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Dunedin is on "high alert" as its beaches take another hammering from king tides and winter storms that have caused the worst damage since emergency powers were invoked in 2007.
"Reno mattresses", made of steel mesh cages filled with rocks, part of interim protection work done in the past two years, have been exposed by the sea at Middle beach, and an extensive amount of sand has been lost from the Lawyers Head end of the beach.
Freshly dumped sand was being washed away from Middle beach as the tide rose yesterday afternoon.
Dunedin City Council community and recreation services manager Mick Reece said yesterday the high tide was "the last aria" in a drama that had been ongoing for a week.
"It's as serious as it's been since the emergency [in 2007]."
While St Clair beach was holding up well, the profile of the beach had taken a battering further east.
"People are saying they haven't seen that much sand taken off the Lawyers Head end in a long time."
The council had been learning about the oceanography of the area, including that sea movement caused by White Island could be having a significant effect, Mr Reece said.
"The guts of it is the Moana Rua Rd edge is gone, and we're steadily losing the toe of the dune."
It was the first time the reno mattresses had been exposed since they were put in place two years ago. They had slumped forward, and the sea had been eroding the dune behind. Contractors next week would build a new mattress and place it behind and beneath the existing ones.
The battle between surf and turf has been going on since the 1800s, when families began settling what had been a swampy marshland.
In 2007, storms caused major damage to the beaches. The situation was exacerbated by vandalism to "sand sausages" - geo-textile bags filled with sand and laid to protect sand dunes - that were uncovered at the time.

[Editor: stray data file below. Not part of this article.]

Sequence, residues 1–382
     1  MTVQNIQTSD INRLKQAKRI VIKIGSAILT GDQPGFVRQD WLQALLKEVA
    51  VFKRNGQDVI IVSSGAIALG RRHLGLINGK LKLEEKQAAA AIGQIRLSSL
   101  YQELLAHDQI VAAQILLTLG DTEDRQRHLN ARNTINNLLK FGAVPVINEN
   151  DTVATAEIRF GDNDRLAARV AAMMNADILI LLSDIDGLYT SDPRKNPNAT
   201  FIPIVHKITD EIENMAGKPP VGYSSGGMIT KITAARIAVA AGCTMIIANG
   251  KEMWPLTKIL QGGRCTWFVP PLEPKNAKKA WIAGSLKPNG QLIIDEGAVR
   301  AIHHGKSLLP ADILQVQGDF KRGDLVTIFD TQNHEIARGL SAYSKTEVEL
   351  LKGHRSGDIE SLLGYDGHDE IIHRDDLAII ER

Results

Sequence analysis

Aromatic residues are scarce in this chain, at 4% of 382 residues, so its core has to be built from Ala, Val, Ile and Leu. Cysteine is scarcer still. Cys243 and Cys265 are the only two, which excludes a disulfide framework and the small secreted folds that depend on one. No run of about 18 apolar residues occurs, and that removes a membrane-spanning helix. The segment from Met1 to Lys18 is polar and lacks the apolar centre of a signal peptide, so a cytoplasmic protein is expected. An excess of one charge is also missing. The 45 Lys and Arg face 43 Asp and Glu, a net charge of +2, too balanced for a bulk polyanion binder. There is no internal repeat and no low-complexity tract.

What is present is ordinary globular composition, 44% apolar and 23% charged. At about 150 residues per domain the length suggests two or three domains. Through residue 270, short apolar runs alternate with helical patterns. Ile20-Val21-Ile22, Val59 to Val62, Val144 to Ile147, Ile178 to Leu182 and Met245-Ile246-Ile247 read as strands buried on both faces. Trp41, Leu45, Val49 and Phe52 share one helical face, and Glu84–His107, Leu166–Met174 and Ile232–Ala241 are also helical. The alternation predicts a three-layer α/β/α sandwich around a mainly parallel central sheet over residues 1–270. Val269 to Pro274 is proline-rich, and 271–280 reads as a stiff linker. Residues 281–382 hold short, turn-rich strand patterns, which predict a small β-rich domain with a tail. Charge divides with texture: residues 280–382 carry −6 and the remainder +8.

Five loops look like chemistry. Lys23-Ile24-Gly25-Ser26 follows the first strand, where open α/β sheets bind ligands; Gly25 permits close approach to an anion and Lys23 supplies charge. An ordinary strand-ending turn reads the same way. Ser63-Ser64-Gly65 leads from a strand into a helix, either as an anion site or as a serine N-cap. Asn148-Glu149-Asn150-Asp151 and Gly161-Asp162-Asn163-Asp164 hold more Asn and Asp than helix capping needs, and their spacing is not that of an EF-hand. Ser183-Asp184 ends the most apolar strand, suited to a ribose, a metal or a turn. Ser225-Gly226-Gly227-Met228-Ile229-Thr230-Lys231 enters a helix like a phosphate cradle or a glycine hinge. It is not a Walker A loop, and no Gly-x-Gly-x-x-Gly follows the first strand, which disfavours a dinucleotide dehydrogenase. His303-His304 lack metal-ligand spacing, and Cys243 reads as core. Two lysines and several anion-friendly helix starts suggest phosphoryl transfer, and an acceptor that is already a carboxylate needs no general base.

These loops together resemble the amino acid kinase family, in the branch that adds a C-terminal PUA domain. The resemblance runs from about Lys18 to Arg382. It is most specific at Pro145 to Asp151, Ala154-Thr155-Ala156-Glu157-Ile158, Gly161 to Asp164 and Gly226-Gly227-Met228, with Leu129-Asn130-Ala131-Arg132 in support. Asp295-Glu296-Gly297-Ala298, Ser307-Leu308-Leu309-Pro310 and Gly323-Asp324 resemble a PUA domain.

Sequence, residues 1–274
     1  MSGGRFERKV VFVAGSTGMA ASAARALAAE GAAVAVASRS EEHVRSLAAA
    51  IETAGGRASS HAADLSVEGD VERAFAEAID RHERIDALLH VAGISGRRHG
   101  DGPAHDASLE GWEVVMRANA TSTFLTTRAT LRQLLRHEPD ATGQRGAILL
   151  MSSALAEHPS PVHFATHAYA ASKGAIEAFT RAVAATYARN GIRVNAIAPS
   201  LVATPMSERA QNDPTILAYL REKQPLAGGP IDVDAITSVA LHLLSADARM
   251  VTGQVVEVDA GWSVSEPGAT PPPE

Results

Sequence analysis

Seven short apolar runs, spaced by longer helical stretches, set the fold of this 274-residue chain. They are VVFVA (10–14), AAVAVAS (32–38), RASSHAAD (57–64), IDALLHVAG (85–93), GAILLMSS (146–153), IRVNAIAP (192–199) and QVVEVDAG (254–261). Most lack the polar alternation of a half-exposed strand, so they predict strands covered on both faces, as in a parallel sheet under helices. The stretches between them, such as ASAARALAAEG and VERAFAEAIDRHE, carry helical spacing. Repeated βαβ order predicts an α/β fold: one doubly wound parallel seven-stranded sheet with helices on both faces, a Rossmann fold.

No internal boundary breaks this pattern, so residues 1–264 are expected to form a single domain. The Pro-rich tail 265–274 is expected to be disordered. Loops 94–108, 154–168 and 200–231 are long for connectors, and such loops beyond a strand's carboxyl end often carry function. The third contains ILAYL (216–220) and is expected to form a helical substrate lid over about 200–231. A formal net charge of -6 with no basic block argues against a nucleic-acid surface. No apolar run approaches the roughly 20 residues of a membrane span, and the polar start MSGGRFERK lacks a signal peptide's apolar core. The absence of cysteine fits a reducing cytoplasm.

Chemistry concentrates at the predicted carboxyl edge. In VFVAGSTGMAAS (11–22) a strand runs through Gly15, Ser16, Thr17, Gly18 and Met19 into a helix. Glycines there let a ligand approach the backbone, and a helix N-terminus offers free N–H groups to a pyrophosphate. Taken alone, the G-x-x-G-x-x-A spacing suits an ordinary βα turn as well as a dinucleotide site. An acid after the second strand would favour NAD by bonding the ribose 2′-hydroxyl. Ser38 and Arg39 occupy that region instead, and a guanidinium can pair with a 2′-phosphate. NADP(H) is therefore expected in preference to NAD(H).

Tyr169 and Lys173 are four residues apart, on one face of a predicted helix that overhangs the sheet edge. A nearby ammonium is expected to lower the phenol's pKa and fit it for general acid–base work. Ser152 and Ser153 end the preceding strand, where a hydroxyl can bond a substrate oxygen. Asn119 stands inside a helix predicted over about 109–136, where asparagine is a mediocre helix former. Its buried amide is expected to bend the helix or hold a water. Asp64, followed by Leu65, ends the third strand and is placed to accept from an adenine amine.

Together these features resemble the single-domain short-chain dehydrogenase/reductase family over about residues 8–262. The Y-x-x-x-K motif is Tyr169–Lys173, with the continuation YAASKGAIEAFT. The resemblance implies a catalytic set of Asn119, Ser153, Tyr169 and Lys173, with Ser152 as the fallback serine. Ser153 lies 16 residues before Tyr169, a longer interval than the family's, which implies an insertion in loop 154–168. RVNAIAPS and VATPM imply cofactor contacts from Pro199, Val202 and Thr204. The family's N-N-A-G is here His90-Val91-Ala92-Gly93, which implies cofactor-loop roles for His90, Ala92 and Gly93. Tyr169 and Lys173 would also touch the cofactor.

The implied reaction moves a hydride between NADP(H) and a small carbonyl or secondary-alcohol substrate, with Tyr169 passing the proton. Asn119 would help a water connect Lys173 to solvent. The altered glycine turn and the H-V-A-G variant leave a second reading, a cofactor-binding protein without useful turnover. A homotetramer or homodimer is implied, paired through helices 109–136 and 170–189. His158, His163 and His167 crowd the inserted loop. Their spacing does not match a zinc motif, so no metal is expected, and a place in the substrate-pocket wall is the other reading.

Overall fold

Sand was taken from the dredge New Era and dumped near Middle beach to help shore up the dunes.
The council applied to the Otago Regional Council in March for retrospective resource consent for the work already done and any further measures required. That was granted yesterday.
Council community life general manager Graeme Hall said the DCC had set aside $400,000 for the next three years to deal with the problems until a longer-term solution was found.
No money had been set aside for a long-term management plan.
"When the plan comes out, it may or may not need to have capital," Mr Hall said.
Data collection and public consultation have been under way since the latest problems began. Public hearings were held last year and, in April, a project team was put together to prepare a draft long-term management plan.
Mr Reece said technical data was still to be collected, but he hoped the project team would meet in early September to start work on the plan.
More consultation and hearings would follow, the plan being due for implementation in 2011.
The sand being used had been dredged from the harbour. The council's contractors would return regularly, including after yesterday's high tide, to dump more sand, until the high seas abated, Mr Reece said.
While parts of the North Otago coast have seen major erosion in recent years, Waitaki District Council assets group manager Neil Jorgensen said he was not aware of any issues.
A closed section of Beach Rd, south of Oamaru, was still eroding.